Northwest Conifers


Western Larch – Larix occidentalis

Needles: Western larch is a distinctive tree that is easy to identify. Its needles are less than 2 inches long, but come in bundles like a pine. The needles grow from short spur twigs, with 15-30 needles in each bundle. The tree is even easier to identify in the fall, when the needles turn golden-yellow. In the winter, it is easy to identify because it is the only conifer with no needles. You can see the distinctive spur twigs standing out from each bare branch. Larches are among a few deciduous conifers.


Cones: The cones look similar to Mountain Hemlock cones, but they have distinctive whiskery bracts that stick out beyond the scales. 


Bark: The bark has gray or brown flaky plates, becoming furrowed on older trees. 


Where it grows: In the Cascades, Western Larch grows mostly on the east side at elevations up to 6000 feet. It also grows in the mountains of northeastern Oregon and Washington, and in northern Idaho and western Montana.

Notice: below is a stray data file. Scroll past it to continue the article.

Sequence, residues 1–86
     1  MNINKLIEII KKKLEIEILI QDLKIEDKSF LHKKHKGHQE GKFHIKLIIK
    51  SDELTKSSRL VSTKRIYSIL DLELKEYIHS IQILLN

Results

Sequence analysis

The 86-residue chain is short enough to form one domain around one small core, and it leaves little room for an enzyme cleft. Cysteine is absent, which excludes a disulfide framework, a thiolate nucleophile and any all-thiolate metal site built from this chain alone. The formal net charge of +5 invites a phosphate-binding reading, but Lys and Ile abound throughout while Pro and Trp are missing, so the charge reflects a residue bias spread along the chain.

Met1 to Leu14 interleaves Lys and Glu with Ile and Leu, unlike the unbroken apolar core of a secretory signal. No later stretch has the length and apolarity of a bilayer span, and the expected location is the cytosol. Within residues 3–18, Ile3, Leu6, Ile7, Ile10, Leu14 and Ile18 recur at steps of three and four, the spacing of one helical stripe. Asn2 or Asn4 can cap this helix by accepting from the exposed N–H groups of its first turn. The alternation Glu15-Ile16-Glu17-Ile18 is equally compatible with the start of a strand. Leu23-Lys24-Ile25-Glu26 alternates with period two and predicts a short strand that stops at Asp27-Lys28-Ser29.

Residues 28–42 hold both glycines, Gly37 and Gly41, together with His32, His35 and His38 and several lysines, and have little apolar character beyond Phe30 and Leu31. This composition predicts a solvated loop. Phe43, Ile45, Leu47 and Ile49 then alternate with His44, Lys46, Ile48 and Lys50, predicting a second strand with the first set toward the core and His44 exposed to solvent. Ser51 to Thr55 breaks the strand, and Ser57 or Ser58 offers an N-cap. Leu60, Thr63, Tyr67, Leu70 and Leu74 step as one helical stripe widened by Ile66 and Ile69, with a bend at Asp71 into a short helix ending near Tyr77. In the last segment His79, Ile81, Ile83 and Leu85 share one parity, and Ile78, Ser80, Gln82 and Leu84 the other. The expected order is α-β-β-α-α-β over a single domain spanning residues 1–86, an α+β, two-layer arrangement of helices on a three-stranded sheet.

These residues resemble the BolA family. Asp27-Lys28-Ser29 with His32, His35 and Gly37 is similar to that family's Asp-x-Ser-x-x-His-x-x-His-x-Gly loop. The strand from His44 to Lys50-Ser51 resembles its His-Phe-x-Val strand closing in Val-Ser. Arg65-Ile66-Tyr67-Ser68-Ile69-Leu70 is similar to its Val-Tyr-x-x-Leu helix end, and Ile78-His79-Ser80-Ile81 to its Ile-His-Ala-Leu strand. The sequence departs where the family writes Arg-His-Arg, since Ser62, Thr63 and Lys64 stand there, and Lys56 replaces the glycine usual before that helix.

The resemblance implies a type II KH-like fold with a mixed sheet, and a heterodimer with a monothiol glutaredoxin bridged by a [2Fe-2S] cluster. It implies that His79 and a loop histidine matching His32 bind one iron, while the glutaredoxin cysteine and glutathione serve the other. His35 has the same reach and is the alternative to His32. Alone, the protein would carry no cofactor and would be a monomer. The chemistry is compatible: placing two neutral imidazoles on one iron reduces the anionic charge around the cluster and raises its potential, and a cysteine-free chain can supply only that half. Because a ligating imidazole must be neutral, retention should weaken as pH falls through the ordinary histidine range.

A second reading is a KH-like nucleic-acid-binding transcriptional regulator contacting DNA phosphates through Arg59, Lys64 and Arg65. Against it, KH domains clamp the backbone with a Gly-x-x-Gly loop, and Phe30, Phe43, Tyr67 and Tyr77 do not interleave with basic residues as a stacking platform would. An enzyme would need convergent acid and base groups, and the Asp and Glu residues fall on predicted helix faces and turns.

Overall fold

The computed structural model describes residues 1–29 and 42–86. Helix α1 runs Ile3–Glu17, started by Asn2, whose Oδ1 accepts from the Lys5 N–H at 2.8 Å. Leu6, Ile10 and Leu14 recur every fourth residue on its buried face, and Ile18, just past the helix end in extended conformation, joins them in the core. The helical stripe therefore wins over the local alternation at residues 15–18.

Western larch at Hoyt Arboretum


USGS Distribution Map

Similar tree: Alpine larch grows in the North Cascades of Washington but is missing entirely from the Oregon Cascades. It usually grows at elevations higher than western warch, near the timberline. 

Uses: Western larch is made into lumber used for framing and finishing. It's also used for pulp and firewood. 

Names: Occidentalis means "western," and Larix, translates to "larch." It's a rare occasion where the scientific and common names match. Other common names: tamarack, hackmatack, and mountain larch.


Fall colors

© 2011 Ken Denniston